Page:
In a microwave-safe bowl or medium saucepan, melt the butter and chocolate chips. If microwaving, do so in 30-second increments, stirring well after each heating cycle. If melting on the stove, stir frequently. You should get a mixture that looks like chocolate sauce.
Place sugar and cocoa powder in a 5-quart mixing bowl and whisk by hand to combine (this keeps the cocoa powder from flying out of the bowl and helps it combine with other ingredients). Using the paddle attachment of your mixer, combine the sugar and cocoa mix with the butter and chocolate mix. Add the vanilla, egg and cooled Dr Pepper and mix. Add the flour mixture and mix well until combined.
Using a tablespoon-sized scoop, scoop the dough and place on the parchment paperlined cookie sheet. Place a cherry half on top of each scoop (do not flatten the scoops on the baking sheet). Bake for 10-12 minutes. Cool completely.
If you want to add a little extra Dr Pepper sweetness to the cookie, make a thick powdered sugar and Dr Pepper glaze, place in a piping bag, and drizzle over the cooled cookies. Prep Time: 35 minutes. Cook Time: 10-12 minutes. Yields 30 cookies.
7. Lonoke County’s Peanut Butter Clusters
Barbara Troutman of Austin is a lifelong resident of Lonoke County. She retired as an owner of a gas dealership and gas station. Her husband was the late Charlie Troutman, a Lonoke County Judge.
She was taught to bake cookies by her mother. Barbara describes her mother as an accomplished cook, as she was the director of food services at Cabot Schools. Troutman continues to bake cookies for family and friends and for potlucks at her church, Woodrow Church of Christ. Her favorite tradition during Christmas is getting together with family and having good food and making happy memories.
An event she looks forward to each December is the tree lighting ceremony, which is planned for 5 to 7 p.m. Dec. 3 at Austin City Hall. Barbara’s Peanut Butter Clusters are requested each Christmas by her family and friends.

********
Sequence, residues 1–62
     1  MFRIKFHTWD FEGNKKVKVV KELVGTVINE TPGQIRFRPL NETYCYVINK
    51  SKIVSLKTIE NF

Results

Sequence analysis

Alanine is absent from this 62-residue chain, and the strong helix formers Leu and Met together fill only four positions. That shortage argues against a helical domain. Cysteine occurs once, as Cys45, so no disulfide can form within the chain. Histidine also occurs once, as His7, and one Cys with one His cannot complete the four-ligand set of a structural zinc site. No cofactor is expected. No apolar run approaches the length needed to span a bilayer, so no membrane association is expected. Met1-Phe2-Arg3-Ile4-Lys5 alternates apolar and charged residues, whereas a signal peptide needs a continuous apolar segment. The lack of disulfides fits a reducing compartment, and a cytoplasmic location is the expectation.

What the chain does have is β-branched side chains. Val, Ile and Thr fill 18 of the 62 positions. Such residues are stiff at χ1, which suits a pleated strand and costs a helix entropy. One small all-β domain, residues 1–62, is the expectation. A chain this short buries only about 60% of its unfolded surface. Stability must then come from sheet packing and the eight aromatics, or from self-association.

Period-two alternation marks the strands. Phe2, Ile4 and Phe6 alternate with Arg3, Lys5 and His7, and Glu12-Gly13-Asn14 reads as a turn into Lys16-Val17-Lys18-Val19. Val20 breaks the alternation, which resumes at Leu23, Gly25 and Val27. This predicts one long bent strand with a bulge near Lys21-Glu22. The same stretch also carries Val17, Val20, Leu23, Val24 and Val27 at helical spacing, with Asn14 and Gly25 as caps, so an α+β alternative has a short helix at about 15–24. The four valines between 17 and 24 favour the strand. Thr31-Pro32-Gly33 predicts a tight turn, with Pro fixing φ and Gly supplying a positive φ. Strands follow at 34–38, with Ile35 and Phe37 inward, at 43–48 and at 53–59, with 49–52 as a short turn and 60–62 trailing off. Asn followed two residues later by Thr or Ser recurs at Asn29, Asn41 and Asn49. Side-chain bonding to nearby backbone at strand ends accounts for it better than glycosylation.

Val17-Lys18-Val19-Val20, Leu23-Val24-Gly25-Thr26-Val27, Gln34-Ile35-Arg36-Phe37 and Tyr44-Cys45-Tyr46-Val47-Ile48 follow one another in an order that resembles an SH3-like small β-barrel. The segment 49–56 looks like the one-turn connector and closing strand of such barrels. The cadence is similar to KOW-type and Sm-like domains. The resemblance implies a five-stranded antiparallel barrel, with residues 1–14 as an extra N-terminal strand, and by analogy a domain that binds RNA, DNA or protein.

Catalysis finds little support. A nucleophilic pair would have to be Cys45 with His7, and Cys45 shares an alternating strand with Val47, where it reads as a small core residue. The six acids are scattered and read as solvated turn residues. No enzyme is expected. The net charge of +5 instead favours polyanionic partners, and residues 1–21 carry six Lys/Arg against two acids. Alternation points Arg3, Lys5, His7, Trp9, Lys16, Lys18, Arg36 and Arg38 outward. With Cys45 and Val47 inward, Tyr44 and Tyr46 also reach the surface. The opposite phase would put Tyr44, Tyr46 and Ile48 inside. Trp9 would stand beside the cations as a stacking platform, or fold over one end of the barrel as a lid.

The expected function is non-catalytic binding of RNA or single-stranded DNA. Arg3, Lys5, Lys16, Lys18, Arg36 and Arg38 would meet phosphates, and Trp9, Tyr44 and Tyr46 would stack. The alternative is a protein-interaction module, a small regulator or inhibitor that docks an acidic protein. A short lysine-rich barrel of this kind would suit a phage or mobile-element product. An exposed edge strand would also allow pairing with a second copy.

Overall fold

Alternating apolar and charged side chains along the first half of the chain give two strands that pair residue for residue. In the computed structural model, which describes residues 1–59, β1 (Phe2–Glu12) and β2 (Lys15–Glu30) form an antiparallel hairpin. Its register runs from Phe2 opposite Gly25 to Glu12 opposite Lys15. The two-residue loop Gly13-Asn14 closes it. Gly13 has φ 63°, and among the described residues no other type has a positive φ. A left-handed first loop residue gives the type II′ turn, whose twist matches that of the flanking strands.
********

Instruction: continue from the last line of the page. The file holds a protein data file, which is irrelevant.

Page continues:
of corn flakes (Kellogg’s brand)
Melt butter in a heavy saucepan. Add Karo syrup and sugar. Stir for two minutes on medium heat. Remove from heat, add peanut butter and mix thoroughly. Pour corn flakes in a medium size mixing bowl, pour mixture over corn flakes and coat all flakes. Then pour mixture onto a large sheet of wax paper.
Take a spoon and move over to the side of the paper to create enough space for one cookie. Continue moving over enough for other cookies, so that there are about 15. Press with fingers to make them stick together.
Cool for a few minutes and enjoy.
8. Perry County’s Peanut Butter No-Bake Cookies
Lori Fallen is a retired teacher from Hollis who has lived in Perry County for 42 years. Her mom and mother-in-law both taught her how to make cookies, and she makes them for pretty much everyone. Lori’s favorite Christmas tradition is having all of her family spend the night on Christmas Eve and seeing the excitement from her grandchildren when they see what Santa left them.
Lori continues to care about the school where she taught and is known in the community for bringing baked goods to them. They especially love it when she brings her Peanut Butter No-Bake Cookies.
Peanut Butter No-Bake Cookies
2 cups sugar • ¼ cup margarine
½ cup milk • 1 cup peanut butter
1 tsp. vanilla • 1 ½ cups quick rolled oats ¼ cup M&M’s Minis or Reese's Pieces Minis
In a large saucepan, mix sugar, margarine and milk. Bring to a full rolling boil over medium heat. (Full rolling boil = large bubbles rising to the surface that can't be stirred down.) Boil for exactly 1 minute, stirring constantly. Remove from heat and stir in peanut butter and vanilla, stirring until peanut butter is melted; stir in oats. Add M&M’s Minis or Reese's Pieces Minis. Quickly drop mixture by spoonful onto waxed paper.
9. Pulaski County’s Oatmeal Peanut Butter Sandwich Cookies
Mary Ann Tilley, a resident of Pulaski County for the past 42 years, learned to cook from her mother and some favorite television chefs. She bakes for friends and family and says that her Oatmeal Peanut Butter Sandwich Cookies are always on the table for Christmas dinner.
Mary Ann’s favorite Christmas tradition is to attend the Christmas Eve service at church, followed by a dinner that features a favorite dish of each family member or friend who is at the table.
A community event she looks forward to and invites fellow 501 LIFE readers to attend is the River City Men’s Chorus Christmas Concert at 2 p.m. on Dec. 4 at Pulaski Heights United Methodist Church, and at 7 p.m. on Dec. 5 and Dec. 8 at the church. Admission is free.
Oatmeal Peanut Butter Cookies
1 ½ cups all-purpose flour
1 tsp. baking soda
½ tsp. baking powder
1 tsp. salt • 1 cup softened butter
1 cup peanut butter
1 cup white sugar
1 cup packed light brown sugar